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Poverty in America

The poverty rate represents an average over the entire population.  While it provides a general number, it fails to illustrate who in particular suffers the most from poverty. Therefore, it is necessary to research and examine particular groups of people in order to find more dynamic poverty levels. Specifically, African American and Hispanic populations report higher poverty rates than the national average. The poverty rate for both of these groups remained near 30 percent of the national average during the 1980s and mid-1990s. It began to fall in 2000. The rate for African Americans dropped to 22.1 percent and for Hispanics to 21.2 percent—the lowest rate for both groups since the United States began tracking poverty levels.


The total United States population was last listed as 310,729,000. According to recent statistics, 36.5 million people, 12.3 percent of the total U.S. population, live in poverty during the past threes years. This equates that one family in eleven lives in poverty. Children make up the largest poor population in the United States, with more than 12 million living below the poverty line. According to the United Nations Children’s Fund, UNICEF, the United States has the second highest child poverty rate of all industrialized nations. By comparison, Sweden is less than 3 percent, the Czech Republic is less than 8 percent; France is just under 8 percent and Germany is just over 10 percent. Roughly 7.2 million people living in poverty are the working poor. Most are families with children. They represent the fastest-growing population living in poverty. A study by the U.S. Conference of Mayors found that children under the age of 18 accounted for 25 percent of the urban homeless. Families comprised 37 percent of the homeless population; single men and women comprised 45 percent and 14 percent respectively.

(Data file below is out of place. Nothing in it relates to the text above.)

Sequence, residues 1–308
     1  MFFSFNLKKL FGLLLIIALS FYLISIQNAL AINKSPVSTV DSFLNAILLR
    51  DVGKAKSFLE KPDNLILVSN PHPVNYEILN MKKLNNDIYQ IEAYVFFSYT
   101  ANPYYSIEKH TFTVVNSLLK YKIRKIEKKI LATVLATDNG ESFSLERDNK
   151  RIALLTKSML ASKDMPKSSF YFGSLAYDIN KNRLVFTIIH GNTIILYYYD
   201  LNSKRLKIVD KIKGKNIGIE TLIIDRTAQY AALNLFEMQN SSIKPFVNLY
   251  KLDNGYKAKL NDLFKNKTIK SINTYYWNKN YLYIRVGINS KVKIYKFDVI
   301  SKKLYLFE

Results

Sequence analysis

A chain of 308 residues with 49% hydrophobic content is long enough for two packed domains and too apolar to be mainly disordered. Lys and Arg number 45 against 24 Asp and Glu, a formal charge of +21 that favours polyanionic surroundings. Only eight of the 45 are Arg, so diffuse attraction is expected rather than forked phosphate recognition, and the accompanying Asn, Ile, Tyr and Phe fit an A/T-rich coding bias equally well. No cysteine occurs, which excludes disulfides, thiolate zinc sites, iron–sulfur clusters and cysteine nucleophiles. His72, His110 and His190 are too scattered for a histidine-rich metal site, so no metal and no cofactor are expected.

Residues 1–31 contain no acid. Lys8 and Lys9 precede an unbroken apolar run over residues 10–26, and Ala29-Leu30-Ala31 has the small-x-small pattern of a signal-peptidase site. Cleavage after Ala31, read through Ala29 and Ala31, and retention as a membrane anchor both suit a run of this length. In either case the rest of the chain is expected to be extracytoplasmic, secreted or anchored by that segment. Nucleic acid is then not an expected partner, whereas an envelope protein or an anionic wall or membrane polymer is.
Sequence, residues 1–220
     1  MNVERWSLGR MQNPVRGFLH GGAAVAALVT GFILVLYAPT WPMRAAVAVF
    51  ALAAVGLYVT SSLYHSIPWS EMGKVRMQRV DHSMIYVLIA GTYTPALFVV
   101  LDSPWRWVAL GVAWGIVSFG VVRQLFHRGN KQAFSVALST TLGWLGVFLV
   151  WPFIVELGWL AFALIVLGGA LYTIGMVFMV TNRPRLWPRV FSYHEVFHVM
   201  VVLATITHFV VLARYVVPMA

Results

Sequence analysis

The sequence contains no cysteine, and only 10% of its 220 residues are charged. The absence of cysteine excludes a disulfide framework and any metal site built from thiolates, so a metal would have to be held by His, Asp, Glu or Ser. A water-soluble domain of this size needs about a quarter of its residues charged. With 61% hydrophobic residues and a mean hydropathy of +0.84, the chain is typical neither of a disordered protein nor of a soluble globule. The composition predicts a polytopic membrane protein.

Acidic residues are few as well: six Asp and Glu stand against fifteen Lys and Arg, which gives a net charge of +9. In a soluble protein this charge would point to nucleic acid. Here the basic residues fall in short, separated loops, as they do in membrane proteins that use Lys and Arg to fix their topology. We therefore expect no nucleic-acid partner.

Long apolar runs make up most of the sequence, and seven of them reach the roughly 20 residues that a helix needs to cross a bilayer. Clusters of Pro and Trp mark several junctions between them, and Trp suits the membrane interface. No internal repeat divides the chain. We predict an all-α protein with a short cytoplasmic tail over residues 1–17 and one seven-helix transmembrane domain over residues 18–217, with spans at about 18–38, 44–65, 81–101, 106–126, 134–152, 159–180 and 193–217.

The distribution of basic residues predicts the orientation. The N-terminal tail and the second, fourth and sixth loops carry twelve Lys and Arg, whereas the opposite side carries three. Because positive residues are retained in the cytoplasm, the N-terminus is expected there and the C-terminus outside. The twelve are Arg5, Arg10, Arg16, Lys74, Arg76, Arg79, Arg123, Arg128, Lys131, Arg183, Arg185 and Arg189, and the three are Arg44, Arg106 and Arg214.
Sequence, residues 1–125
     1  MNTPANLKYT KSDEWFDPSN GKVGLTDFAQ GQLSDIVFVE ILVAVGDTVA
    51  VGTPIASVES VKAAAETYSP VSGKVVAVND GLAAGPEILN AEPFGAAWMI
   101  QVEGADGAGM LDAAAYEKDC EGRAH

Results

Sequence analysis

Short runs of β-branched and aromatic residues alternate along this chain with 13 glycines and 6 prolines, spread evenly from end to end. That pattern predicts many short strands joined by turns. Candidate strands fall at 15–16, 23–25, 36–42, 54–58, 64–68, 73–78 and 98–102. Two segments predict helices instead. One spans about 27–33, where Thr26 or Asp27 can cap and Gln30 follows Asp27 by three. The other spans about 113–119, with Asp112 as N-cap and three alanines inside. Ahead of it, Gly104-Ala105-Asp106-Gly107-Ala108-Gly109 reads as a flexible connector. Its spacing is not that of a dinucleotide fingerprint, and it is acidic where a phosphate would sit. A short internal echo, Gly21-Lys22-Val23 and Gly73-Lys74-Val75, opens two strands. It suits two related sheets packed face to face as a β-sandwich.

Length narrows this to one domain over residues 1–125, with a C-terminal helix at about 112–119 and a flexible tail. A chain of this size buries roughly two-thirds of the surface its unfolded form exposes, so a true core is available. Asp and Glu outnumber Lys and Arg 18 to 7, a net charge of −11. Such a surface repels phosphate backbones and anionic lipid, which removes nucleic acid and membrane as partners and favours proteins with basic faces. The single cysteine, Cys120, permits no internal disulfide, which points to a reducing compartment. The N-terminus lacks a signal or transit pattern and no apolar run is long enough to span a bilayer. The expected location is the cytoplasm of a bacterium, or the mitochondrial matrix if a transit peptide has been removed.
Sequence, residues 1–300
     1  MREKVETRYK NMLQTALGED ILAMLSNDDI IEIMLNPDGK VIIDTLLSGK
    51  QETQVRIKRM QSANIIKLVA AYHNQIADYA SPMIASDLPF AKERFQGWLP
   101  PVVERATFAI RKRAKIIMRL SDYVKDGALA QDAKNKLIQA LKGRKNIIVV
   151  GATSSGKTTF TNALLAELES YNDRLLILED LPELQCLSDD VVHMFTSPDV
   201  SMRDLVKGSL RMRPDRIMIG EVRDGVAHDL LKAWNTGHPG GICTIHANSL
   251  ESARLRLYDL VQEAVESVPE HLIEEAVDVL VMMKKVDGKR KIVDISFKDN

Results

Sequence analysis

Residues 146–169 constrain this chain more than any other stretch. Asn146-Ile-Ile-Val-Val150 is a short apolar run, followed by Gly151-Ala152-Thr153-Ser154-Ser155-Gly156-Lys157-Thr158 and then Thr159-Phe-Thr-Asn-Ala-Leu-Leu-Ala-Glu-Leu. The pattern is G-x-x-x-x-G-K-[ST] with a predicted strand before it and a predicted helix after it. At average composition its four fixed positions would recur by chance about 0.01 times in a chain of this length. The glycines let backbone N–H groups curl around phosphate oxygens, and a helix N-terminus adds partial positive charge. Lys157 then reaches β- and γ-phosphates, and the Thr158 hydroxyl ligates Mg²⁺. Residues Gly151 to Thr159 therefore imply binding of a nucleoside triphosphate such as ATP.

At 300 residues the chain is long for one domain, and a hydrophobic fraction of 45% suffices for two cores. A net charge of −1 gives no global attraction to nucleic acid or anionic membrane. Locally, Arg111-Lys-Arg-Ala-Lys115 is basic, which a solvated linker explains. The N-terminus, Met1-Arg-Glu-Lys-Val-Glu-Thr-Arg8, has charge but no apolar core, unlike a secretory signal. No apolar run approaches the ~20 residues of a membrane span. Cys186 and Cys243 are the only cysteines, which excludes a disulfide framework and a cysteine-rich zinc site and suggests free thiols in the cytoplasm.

Poverty in Chicago[1]: A city of homelessness and millionaires


According to the 2007 Report on Illinois Poverty by the Mid-America Institute on Poverty of Heartland Alliance, Cook County, IL has the second-highest number of millionaire households (167,873) and the second-highest number of poor households (273,658) of any county in the nation.


For reference, there are currently 3,141 counties in the U.S. The disparity of wealth among Chicago citizens is second highest of them all. In 2006, the Chicago City Council voted for an ordinance that would have required mega-retailers such as Wal-Mart and Target to pay their workers higher wages, totaling at least $10 per hour by 2010. Mayor Richard Daley vetoed the ordinance in September of that year, in what was his first veto in 17 years in office. He reasoned it would cost the city jobs and hurt the people who need them most. In other words: a minimum wage job is still a job. Major retailers agreed they would be less likely to build stores in Chicago if the ordinance had been passed.


The minimum wage in the state of Illinois is currently $8.25an hour, considerably higher than the federal minimum wage of $7.25per hour. An estimate of the “living wage” in Chicago using the Living Wage Calculator—a computing website created by the Living Wage Project at Penn State University—puts this amount at $9.95 per hour for a single adult. Add a child to the picture, and that amount jumps to $18.13, nearly nine dollars more per hour than Illinois’ minimum wage.


Additional Resources:


Poverty in the media

More than half of Americans experience poverty at some point before they are 65


Smiley & West

Living wage for Cook County

Chicago’s growing racial gap in child poverty



[1] The following statistics are from the U.S. Census 2006 Report on Poverty and the UNICEF 2000 report of Children in Poverty.